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View Full Version : Driving... Tactically??


SoupieXX75
August 20, 2009, 02:07 PM
While browsing through threads here, I've read several posts about attempted carjackings that were thwarted by drawing a concealed weapon. Most of these situations, the drivers allowed themselves to be blocked in. From the other posts I've read, it seems like every aspect of life has been covered concerning tactics. Except for driving (I did search for it). It seems that in driving, situational awareness would prevent people from falling into "traps" for this activity (one more reason not to text or talk on the phone while driving!).

What do you think? I realize that driving (for some) is pretty freakin hard... But for those of us who can tell our right from our left, are there any suggestions or ideas that we should consider (like always leave an escape route)?

I'm quite curious to see what you all have to say!

Xyas
August 20, 2009, 03:05 PM
One thing I always try to do is when coming to a stop light, I always leave enough space between the car in front of me and my car so that I can turn around them and get out (driving over the curb, if necessary) if I need to make a hasty escape.

Brian Pfleuger
August 20, 2009, 03:17 PM
My biggest suggestion would be to always drive and behave in a way that is least likely to cause problems. Cutting people off, passing in unsafe ways, giving people the bird when they cut you off, "brake checking" tailgators.... etc.

As a matter of fact, it's a pretty good way to go about your everyday life whether in or out of the car. Basically, don't cause trouble and don't aggravate or respond to those who do.

C Philip
August 20, 2009, 03:25 PM
I agree with Xyas, and have posted similar suggestions before. Always leave enough space to turn out of the bad situation. Also if your doors don't lock automatically, make sure you lock them first thing when you get in the car. Also having one of those safety hammers available to break the glass in case you are trapped inside is a good idea.

Glenn E. Meyer
August 20, 2009, 03:26 PM
For those into training, Insights, OPS and some others run courses on vehicle tactics. They range from simple how to shoot and drive to really intensive high level experiences. Kind of fun and give you a feel how you are not helpless behind the wheel.

Make sure you roll down the window when you practice.

chemgirlie
August 20, 2009, 03:31 PM
Although this isn't carjacking related, I see people get themselves into bad positions in their cars almost daily. There is a stoplight near where I live that has fairly busy double train tracks a few yards behind it.

During rush hour the cars at the stoplight are often backed up bumper to bumper past the train tracks. There are cars on the train tracks with another car right in front and another right behind. Should a train happen along at that time whoever is on the tracks is royally screwed as they can't go forwards or backwards. It makes me nervous every time I see that.

markj
August 20, 2009, 04:27 PM
I ride a motorcycle, always leave an opening to get away from cars that refuse to stop behind me.

Always lock car doors when I drive.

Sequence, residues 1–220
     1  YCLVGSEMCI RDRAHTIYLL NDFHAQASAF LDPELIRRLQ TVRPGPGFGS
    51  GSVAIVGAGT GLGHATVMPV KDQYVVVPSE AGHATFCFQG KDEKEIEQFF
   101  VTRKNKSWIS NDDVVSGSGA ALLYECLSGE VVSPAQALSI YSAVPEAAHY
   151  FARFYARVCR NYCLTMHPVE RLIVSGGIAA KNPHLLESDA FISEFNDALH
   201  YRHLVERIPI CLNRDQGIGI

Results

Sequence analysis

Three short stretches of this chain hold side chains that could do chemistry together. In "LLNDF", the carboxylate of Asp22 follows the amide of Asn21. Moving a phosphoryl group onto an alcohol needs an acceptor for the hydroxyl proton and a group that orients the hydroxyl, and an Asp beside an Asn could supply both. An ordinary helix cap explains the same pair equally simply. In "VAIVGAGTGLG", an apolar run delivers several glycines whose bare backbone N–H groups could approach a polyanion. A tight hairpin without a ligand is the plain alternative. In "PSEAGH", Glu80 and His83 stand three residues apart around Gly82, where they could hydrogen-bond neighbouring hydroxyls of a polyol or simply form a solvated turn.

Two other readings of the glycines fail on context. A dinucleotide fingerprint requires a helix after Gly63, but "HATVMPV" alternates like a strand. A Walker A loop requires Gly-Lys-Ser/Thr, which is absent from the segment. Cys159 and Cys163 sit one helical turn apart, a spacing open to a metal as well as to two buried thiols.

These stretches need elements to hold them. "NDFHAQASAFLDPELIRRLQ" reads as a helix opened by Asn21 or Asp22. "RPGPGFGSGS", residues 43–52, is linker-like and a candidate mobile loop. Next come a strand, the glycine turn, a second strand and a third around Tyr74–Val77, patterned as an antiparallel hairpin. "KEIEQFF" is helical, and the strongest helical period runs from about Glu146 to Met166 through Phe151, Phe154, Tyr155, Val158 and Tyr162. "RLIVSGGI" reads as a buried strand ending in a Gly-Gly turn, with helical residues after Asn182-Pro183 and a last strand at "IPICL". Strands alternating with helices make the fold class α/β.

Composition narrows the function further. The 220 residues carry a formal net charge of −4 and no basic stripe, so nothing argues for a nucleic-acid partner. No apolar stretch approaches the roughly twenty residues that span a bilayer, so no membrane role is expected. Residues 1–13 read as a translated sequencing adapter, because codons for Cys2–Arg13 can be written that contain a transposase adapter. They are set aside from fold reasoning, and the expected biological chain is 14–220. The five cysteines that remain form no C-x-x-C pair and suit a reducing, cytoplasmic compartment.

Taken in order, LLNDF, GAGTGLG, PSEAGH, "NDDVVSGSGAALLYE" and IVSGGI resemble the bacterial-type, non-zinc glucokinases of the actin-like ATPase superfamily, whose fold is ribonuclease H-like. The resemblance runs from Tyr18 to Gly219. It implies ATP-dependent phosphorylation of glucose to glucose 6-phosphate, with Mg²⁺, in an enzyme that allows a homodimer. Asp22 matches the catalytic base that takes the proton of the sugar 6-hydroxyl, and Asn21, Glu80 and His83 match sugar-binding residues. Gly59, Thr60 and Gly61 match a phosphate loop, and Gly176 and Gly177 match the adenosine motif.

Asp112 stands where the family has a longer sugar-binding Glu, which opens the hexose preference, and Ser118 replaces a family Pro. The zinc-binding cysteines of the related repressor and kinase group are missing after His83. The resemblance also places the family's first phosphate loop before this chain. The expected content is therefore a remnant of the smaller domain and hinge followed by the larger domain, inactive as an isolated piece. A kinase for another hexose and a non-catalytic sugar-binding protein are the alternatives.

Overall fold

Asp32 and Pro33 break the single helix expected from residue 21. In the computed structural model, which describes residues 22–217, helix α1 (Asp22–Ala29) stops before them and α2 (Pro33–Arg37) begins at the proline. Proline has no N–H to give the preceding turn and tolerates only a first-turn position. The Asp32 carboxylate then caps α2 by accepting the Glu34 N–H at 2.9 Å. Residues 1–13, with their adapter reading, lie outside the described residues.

Yankee Traveler
August 20, 2009, 04:53 PM
I (almost) always leave an opening or escape route of some type.
While moving I will avoid the middle lane to keep from getting boxed in, and always check the mirrors to adjust the buffer distance to the car behind as well as in the front. Always have a backup plan to take the breakdown lane if there is a sudden stop in front and a tailgater behind. Or a longer distance in front if a ditch or barrier prevents the side exit.
Before I left Virginia Beach they were starting to use three car teams to trap people. One in front and one behind then one would role up besideas the guy behind would tap your rear trying to force people stop and get out of their cars to check damage/exchange insurance info. Instant assault/car jacking.
I started trying to stay in the right hand lane and be ready to swerve into a parking lot whenever possible if someone started pacing me and appeared to be boxing me in.

sakeneko
August 20, 2009, 06:27 PM
Chemgirlie, no kidding. I don't give a d*mn about "tactical" or not, but driving a car is the most dangerous things most of us ever do. It's far more dangerous than many supposedly "dangerous" hobbies, such as skydiving or whitewater rafting, let alone owning firearms and shooting. We're far more likely to die in a car accident than in any sort of encounter with a bad guy, with or without a gun.

Given how concerned many of us are with our safety and with self defense, it simply makes sense to learn how to drive well. People who know how to drive their car well are more likely to avoid trouble (accidental and criminal) and more likely to survive if they do get into trouble.

When I lived in the Silicon Valley, we had the tracks for a regional commuter train (CalTrain) right by a major street, crossed by feeder streets at street level. I repeatedly saw people drive onto the tracks when the car in front of the tracks was stopped cold. :/ That's not legal -- not in California nor anywhere else I've lived and had a driver's license. (Texas, Washington, Oregon, Nevada) Drivers are supposed to stop at a safe distance *before* crossing train tracks. Drivers should cross only when there is room on the other side so that they won't have to stop on the tracks for any reason.

Stopping on the tracks isn't just illegal -- it's also INSANELY dangerous. Locomotives used by common carriers (public companies) weigh anywhere between a quarter and a half million pounds each. That's between 100 and 300 *tons*, people. The average passenger car weighs between 1 and 4 tons. (1 for a miniature subcompact, 4 for a Hummer H2.) Even if you don't consider the weight of the loaded cars behind the locomotive, and even if you assume that the train uses only a single locomotive (not usually the case with freight trains), that's a difference of approximately 2 orders of magnitude in weight. Simple physics tells you that in a collision between the two, the car and anybody in it is toast.